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Saturday, February 8, 2014

The 2014 Sochi Olympic Winter Games: Protesting Putin


Amid stories about faulty toilets, questionable drinking water, athletes bailing out, security issues,  a high jacked plane, and Russian President Vladimir Putin's put down of  the gay community, the 2014 Sochi Winter Olympics got underway, anyway. 

We've probably not had such distractions surrounding an Olympic event in a long time.  One can hardly imagine a more unpreparedness for a mega event like the 2014 winter games.

The talk of the facilities and water at the Olympics pale in comparison Putin's "gay propaganda" law, making it illegal to disseminate information about homosexually to minors.

"We are talking about protecting children from the respective information," said Putin. "Leave the children alone."

Whether you agree or disagree with Putin for speaking his mind, his remarks set off a fire storm in the gay community, with many groups forming protests.

Students of Amnesty International at a local college did just that; holding signs that read, 'homophobia kills', and 'light your flame for freedom in Russia'.

Students with Amnesty International hold signs in protest of
Russian president Vladimir Putin's stance on homosexuality.  Photo CD Brown.
Said Ariana Sites, a member of the group in support of free speech in Russia, "I wish he would take everyone's individual human rights for free speech into account when he's making laws that affect his country as a whole." 

"The Olympics is all about uniting people", said Kyle Stankob, "and the environment, the atmosphere in Russia right now is kind of the exact opposite of what the Olympics strives for."

President Obama, in his effort of inclusion, announced in December of last year that the following homosexual individuals would lead the US Delegation of the Olympics' opening and closing ceremonies to include Billie Jean King, Member of the President’s Council on Fitness, Sports and Nutrition, Member of the International Tennis Hall of Fame, and recipient of the Presidential Medal of Freedom; Brian A. Boitano, Olympic gold medalist, figure skating; Janet A. Napolitano, President of the University of California, and Eric Heiden, five-time Olympic gold medalist, speed skating.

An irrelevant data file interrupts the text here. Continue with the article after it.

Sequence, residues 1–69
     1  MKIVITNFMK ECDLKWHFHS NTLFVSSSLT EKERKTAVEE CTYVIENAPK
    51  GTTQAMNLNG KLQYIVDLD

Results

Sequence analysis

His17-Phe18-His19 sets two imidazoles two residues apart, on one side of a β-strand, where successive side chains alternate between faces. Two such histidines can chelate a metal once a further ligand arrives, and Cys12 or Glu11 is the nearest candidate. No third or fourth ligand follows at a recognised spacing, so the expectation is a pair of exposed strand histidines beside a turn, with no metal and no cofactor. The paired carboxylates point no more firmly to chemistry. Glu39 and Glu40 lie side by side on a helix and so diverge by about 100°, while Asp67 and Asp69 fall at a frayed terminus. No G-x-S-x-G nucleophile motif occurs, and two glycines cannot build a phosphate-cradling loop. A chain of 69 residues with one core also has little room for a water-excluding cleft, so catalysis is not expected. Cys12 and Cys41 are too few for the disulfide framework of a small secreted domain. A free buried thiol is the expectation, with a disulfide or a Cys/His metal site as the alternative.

In Olympic-style scoring, the group awarded Putin a perfect score of '10' for "oppression in Russia", the group says.

Amnesty International students give Russian president Vladimir Putin an
Olympic style '10' for the oppression of gay rights in Russia.
"The oppression and discrimination of specific demographic of people is less about human rights and more about being absolutely stupid", explained Lewis Huynh.

"To subjugate human people is to cut off your own foot", he added.   "You are preventing the potential of growth that people can contribute to your country, and it's absolutely stupid and foolish to do so.  It's absolutely suicidal."

More Problems In Russia
It would seem that Russia doesn't just have a gay conflict on its hands, add racism to the list of #SochiProblems.

Millions read the tweet from Russia's politician and figure skater, Irina Rodnina, who imposed a banana in a photo that featured US President Barack Obama and First Lady Michelle Obama. Despite her actions, she was able to light the torch at the Olympics' opening last evening.

"Irina Rodnina is one of the most respected Olympic athletes in the world and I want to stress the Olympics is not about politics", said Sochi 2014 chief executive Dmitry Chernyshenko in explaining to include Rodnina after her racially charged tweet. 

"Any political talks or discussions are not appropriate for the Olympic Games." 

Interesting comments.

So, you can be a racist, you just can't talk politics at the Olympics - so it would seem.

The discriminatory, problem plagued, Sochi Olympics in Russia continue until February 28th.

How many problems can it present before then?  Ninety-nine (99), perhaps?

Related
Sochi 2014 Olympics video & photos.

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